This morning as I was running the stairs shortly after six o'clock, a young woman, crying, hailed me from below as I was halfway up asking for help, so I came back down. (I was pretty much the only other person out.)
She was perhaps twenty-six, dressed nicely in a blue dress—from the night before—and said she didn’t know where she was. The knuckles on her left hand were cut open and bleeding. I asked her multiple times if she was okay and what I could do for her.
She gave me the name of a hotel, so I took her to it, as she kept repeating, between sobs, that she didn't know where she was. Eventually I asked, with a bit of a light touch, "You know you're in Boston, right?" which made her laugh and seemed to relax her a little. I asked what happened to her hand, but she didn't answer that question.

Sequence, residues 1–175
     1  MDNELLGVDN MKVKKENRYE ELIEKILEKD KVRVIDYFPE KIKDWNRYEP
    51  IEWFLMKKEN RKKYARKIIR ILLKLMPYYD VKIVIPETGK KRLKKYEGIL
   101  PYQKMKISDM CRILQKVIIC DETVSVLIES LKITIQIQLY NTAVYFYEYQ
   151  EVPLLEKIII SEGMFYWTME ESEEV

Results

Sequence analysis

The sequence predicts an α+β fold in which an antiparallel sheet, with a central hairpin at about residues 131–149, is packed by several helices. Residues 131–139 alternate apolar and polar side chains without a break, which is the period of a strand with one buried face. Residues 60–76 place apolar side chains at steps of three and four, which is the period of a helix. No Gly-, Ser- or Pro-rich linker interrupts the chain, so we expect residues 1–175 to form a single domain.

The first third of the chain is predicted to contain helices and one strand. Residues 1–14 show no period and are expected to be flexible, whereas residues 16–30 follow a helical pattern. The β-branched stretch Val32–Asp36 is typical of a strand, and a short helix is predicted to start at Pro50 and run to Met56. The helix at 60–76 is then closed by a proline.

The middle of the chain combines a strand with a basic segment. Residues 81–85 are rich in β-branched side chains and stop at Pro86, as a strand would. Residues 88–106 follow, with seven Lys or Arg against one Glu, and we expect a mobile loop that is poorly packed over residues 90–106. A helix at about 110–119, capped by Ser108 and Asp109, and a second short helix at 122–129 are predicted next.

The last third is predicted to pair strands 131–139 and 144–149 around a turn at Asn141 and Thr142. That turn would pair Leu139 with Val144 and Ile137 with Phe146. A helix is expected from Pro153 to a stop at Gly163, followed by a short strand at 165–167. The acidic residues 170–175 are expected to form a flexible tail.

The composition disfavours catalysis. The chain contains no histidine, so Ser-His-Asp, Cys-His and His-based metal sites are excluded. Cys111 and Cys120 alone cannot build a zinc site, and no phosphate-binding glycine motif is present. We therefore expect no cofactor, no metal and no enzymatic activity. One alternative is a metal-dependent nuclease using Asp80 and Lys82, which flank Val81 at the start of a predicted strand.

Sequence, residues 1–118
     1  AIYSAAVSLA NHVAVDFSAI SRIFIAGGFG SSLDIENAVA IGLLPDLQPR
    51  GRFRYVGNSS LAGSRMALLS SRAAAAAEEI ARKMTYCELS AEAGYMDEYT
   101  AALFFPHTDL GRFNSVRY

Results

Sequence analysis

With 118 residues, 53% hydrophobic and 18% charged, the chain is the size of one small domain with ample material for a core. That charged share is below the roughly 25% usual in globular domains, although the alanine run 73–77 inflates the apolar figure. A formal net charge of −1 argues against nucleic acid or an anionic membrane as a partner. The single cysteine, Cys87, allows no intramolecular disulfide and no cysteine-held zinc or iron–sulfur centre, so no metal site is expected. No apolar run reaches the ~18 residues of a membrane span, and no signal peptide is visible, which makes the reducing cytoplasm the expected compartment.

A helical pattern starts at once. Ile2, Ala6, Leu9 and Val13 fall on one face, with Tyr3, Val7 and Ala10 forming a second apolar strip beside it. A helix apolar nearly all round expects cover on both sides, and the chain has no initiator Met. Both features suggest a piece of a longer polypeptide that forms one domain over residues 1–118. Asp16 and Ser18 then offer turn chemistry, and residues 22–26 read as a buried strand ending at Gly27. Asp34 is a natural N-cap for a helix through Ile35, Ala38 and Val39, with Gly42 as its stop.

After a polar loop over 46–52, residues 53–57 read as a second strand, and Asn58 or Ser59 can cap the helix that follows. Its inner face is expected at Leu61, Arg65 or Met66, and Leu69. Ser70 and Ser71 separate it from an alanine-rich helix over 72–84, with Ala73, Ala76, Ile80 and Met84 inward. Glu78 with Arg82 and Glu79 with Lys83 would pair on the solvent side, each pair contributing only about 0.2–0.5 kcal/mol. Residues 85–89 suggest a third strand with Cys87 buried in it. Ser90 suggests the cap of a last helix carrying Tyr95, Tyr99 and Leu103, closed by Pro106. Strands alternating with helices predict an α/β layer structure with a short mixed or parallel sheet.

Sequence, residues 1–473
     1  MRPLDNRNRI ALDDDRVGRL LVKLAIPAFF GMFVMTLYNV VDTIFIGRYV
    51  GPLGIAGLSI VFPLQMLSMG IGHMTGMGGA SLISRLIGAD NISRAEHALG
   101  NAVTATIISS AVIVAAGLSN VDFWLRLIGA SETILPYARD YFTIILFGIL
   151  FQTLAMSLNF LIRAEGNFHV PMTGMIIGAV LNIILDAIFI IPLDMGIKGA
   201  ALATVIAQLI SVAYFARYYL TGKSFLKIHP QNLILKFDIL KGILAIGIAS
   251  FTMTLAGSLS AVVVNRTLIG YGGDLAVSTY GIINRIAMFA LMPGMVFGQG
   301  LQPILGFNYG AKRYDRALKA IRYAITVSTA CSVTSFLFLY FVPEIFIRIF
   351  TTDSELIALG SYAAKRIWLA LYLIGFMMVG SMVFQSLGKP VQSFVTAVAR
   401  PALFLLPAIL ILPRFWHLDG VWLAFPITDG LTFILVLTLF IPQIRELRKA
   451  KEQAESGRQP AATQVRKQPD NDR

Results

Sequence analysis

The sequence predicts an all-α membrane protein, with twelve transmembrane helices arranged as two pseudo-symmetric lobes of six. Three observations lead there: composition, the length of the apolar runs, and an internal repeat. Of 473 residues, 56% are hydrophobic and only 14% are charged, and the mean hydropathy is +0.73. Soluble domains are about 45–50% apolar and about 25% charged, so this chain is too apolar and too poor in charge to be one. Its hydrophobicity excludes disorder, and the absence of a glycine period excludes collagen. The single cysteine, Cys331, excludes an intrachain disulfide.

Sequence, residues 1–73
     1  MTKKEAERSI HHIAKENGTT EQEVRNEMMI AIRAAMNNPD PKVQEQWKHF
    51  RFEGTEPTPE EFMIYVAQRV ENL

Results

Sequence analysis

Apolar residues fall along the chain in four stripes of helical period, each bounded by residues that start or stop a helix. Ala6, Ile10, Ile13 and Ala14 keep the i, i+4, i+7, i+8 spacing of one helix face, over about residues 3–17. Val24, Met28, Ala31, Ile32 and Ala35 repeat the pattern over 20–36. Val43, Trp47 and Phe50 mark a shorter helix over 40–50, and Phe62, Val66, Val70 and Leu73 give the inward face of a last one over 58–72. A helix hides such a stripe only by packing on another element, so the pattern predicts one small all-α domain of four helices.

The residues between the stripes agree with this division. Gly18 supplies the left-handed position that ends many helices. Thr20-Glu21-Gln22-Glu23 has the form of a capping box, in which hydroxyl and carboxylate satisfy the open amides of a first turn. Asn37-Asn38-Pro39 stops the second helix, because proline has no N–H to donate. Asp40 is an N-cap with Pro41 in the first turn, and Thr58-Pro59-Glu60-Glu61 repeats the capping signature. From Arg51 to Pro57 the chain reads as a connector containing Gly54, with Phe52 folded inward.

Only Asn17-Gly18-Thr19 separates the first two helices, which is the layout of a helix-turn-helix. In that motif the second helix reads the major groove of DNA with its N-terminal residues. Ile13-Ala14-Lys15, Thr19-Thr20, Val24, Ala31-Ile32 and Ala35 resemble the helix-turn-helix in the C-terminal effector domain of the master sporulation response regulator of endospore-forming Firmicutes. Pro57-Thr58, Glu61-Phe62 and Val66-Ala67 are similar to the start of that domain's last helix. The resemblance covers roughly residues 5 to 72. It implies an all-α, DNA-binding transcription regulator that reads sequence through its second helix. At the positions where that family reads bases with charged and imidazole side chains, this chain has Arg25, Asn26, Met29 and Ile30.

Her phone was gone—I have no idea what had gone down, where she had come from, how long she'd been out (I don't think it could have been that long, since it was in the upper twenties and she didn't seem to be in great pain from the cold)—and she kept crying.
I asked her if I could call anyone for her, or if she wanted to use my phone and call someone and if she had a room at this hotel that she could get into and if she was safe. She said no to questions one and two, and yes to the others. I must have asked her fifteen times if she was okay, if she there was anything she wanted me to do. Then she was apologizing for making me stop my workout, embarrassed, I think, but definitely shook up, almost dazed.
Not quite the same as the day on the stairs when I took a woman to a rehab facility and had her checked in—this woman today was more scared than anything—but as in life, you never know what will happen on the stairs.
I got her to her hotel, and turned around and went back to running the stairs.